Bengaluru: People, including experts and leaders, around the world are growing concerned as reports of the B.1.617.2 variant of the novel coronavirus are showing up in samples in their countries.
B.1.617 is the technical name of the variant first reported from India. This branch of the virus’s mutation tree has three offshoots, or sub-lineages: .1, .2 and .3. Of these, B.1.617.2 has been designated a ‘variant of concern’ in the UK, and B.1.617 a ‘variant of concern’ in Canada. Scientists have also said based on preliminary data that this variant could be 50% more contagious than the B.1.1.7 variant, first reported from the UK.
Countries that have reported the presence of the B.1.617.2 variant thus far include Angola, Australia, Brazil, Germany, Guadeloupe, Indonesia, Japan, Jordan, Nepal, Singapore, South Africa, Spain, Thailand, Uganda and the US – apart from the UK and India.
On May 10, the WHO declared the variant to be of ‘global concern’. Two days later, the body said the variant had been detected in samples from 44 countries in all, lying in all six regions into which it has divided its administration.
(Note: An older definition of a ‘pandemic’ was epidemics of the same disease in at least three of these six regions.)
Nepal, Singapore and the UK
Two of the latest countries to report B.1.617.2 in their populations are Nepal and Singapore.
The mountain kingdom’s Ministry of Health and Population had recently collected 35 samples and sent them to the Institute of Genomics and Integrative Biology (IGIB), New Delhi, for whole-genome sequencing. According to The Kathmandu Post, IGIB found that 34 samples had the B.1.617.2 sub-lineage while the remaining one had the B.1.617.1 sub-lineage.
(According to ANI, another neighbouring country, Pakistan, has detected a previously unknown variant in 15% of the country’s samples, but that the country lacks the resources to determine its genomic identity. The Pakistani government has also formally denied the presence of the B.1.617 variant within its borders.)
The Government of Singapore has decided to shut all schools from Wednesday (May 19) after its health minister Ong Ye Kung said that B.1.617 “appeared to affect children more”, LiveMint reported. Education minister Chan Chun Sing has also said that the city-state plans to vaccinate students younger than 16 years.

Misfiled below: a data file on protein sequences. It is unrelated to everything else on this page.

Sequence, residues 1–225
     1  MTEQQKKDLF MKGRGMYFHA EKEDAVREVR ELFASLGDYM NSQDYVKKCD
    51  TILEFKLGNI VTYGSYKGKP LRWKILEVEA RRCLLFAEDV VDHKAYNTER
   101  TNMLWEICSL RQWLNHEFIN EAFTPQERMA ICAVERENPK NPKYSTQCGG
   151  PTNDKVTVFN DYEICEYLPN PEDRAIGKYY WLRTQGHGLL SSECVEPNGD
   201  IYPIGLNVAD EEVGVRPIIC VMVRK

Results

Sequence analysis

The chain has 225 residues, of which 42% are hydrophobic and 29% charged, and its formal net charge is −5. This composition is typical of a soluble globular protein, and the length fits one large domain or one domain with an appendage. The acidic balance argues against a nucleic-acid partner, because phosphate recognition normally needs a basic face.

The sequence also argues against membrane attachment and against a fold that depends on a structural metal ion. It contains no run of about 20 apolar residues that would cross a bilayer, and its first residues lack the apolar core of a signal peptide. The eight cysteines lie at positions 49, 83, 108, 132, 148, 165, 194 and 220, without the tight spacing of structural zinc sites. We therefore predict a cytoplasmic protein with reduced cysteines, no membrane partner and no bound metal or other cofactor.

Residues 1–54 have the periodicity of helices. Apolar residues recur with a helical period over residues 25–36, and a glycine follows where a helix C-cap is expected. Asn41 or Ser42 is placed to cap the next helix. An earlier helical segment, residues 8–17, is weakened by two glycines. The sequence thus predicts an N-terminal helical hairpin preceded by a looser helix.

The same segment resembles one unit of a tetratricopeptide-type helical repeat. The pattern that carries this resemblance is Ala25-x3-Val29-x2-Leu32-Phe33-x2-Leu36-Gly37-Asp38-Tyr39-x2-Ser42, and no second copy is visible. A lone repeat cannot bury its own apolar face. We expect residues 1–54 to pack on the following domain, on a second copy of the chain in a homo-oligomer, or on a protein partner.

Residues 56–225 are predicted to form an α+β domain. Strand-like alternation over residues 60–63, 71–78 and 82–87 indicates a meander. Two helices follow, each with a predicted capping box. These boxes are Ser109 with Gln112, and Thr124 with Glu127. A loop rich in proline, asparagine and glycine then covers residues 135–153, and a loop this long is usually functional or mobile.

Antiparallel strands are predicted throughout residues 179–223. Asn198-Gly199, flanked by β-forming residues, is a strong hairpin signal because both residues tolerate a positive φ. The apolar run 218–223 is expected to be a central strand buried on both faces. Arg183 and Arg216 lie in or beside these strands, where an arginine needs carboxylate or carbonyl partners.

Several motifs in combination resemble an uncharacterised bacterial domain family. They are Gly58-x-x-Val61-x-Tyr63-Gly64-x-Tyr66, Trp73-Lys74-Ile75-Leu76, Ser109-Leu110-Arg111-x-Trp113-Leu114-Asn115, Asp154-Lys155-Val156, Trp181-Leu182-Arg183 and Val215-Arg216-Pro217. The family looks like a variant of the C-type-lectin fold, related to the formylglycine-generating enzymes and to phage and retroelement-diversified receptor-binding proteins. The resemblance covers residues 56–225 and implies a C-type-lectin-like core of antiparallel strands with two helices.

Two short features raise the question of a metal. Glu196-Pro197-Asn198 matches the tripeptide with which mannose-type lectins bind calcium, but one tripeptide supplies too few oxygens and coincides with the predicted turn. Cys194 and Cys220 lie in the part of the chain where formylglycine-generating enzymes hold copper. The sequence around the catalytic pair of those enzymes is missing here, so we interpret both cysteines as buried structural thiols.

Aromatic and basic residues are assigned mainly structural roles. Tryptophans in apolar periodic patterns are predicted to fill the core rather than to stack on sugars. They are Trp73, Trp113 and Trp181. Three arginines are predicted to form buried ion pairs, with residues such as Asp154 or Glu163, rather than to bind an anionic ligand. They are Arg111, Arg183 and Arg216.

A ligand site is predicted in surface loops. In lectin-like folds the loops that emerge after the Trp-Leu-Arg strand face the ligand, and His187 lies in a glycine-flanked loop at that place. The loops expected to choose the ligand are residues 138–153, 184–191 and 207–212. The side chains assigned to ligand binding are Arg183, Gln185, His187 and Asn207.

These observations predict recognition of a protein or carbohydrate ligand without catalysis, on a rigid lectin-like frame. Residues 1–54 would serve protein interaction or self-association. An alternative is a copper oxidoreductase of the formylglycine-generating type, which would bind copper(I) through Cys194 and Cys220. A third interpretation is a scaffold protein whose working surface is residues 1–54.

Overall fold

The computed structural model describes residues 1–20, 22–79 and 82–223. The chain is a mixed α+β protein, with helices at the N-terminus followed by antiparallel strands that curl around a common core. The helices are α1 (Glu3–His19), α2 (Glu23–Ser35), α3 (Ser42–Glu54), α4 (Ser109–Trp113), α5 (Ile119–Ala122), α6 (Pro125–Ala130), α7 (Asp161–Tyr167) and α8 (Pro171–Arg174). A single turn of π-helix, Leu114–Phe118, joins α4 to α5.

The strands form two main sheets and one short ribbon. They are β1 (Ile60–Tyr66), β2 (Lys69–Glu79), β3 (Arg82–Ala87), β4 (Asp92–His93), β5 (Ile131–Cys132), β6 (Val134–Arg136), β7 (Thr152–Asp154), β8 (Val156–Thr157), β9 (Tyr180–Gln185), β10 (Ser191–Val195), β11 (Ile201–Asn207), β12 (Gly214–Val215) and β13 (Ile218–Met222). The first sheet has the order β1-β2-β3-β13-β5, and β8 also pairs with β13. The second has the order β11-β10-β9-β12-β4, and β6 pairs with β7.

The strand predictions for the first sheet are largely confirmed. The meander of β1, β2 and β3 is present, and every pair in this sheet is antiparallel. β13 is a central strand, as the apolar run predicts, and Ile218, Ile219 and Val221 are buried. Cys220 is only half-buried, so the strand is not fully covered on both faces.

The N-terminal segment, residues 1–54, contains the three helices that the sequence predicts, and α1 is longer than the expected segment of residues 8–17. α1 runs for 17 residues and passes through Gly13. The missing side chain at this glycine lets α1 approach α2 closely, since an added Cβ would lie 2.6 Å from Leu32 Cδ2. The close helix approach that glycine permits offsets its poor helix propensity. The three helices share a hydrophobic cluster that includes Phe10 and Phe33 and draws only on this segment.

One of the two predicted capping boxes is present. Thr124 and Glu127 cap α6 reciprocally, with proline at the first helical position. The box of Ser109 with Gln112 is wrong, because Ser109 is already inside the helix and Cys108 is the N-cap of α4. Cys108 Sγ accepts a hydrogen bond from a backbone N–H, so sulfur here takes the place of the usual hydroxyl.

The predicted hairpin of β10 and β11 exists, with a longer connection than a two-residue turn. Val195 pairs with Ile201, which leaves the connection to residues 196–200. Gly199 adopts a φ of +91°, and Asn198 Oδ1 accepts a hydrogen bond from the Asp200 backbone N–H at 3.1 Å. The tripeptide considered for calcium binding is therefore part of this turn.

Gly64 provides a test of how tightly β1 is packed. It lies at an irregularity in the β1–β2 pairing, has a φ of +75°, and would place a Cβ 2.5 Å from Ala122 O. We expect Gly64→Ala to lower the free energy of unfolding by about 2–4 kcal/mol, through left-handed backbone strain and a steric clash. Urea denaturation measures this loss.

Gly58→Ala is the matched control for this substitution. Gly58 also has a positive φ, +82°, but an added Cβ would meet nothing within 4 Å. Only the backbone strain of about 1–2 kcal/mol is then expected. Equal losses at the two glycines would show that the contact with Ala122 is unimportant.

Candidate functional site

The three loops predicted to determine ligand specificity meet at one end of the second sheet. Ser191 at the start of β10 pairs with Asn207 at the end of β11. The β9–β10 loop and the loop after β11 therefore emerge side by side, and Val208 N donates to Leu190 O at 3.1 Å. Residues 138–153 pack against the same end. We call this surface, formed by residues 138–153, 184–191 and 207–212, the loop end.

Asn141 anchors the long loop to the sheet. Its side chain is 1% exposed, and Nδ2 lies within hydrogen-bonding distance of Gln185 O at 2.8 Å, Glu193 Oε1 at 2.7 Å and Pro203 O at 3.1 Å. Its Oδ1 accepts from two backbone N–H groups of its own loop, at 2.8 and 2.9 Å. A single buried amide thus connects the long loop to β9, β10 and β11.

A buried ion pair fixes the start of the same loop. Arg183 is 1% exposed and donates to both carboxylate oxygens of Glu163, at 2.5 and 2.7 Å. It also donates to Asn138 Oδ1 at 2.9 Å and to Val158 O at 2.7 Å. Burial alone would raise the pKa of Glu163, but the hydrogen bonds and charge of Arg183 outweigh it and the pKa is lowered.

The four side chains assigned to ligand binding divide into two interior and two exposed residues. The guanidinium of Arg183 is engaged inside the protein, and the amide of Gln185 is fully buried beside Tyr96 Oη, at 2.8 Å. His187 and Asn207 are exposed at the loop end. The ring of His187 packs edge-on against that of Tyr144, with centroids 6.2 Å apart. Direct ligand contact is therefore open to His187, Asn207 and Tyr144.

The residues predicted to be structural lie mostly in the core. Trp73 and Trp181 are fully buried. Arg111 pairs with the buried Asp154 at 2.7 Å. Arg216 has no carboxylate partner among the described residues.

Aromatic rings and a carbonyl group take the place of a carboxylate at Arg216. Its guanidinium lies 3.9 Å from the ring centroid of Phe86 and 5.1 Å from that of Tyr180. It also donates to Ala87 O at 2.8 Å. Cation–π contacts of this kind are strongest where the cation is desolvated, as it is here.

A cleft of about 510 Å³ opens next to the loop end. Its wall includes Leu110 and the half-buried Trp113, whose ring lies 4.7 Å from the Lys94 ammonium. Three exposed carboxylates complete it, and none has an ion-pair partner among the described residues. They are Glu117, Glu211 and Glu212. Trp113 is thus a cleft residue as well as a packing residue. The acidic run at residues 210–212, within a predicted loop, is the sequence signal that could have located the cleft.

Genome-sequencing efforts in India are finding that the B.1.617 variant is becoming the dominant strain in the country, and may be partly responsible for the devastating second COVID-19 outbreak.
Scientists who sequence genomes from viral samples upload them to the international GISAID database, which is public. According to GISAID, Indian scientists have uploaded 2,247 sequences from samples containing one of the B.1.617 off-shoots. The next-highest number of submissions are from the US, with 772.
The UK has uploaded the highest sequences thus far of B.1.617, with 3,706. According to The Daily Mail, the Wellcome Sanger Institute, Hinxton, collected viral samples from April 25 to May 8 from 50 districts in England. Of them, according to the tabloid, B.1.617 was the “dominant strain” in at least 23 districts.
At the higher end, 100% of samples from Hart indicated the strain’s presence, although it only reported three cases. In Bolton, which had the most number of cases in the 50 districts, 81% of samples had B.1.617.
The WHO’s chief scientist Dr Soumya Swaminathan said a couple weeks ago that B.1.617.2 may also be “dodging vaccine protections”, AFP reported, and that it was a matter of concern that India had until then fully vaccinated only 2% of its population. (This figure is currently 3%.)
The spread of B.1.617 has further complicated the world’s COVID-19 vaccine rollouts – or simplified, in a manner of speaking.
Jacobin reported on May 9 “that 130 countries are yet to receive a single dose, while rich countries have secured enough to vaccinate their populations many times over – five times in Canada, almost four in the UK and twice in the US.” Jeremy Farrar, director of the influential Wellcome Trust, tweeted on May 18 that “until everyone is safe, no one is safe”.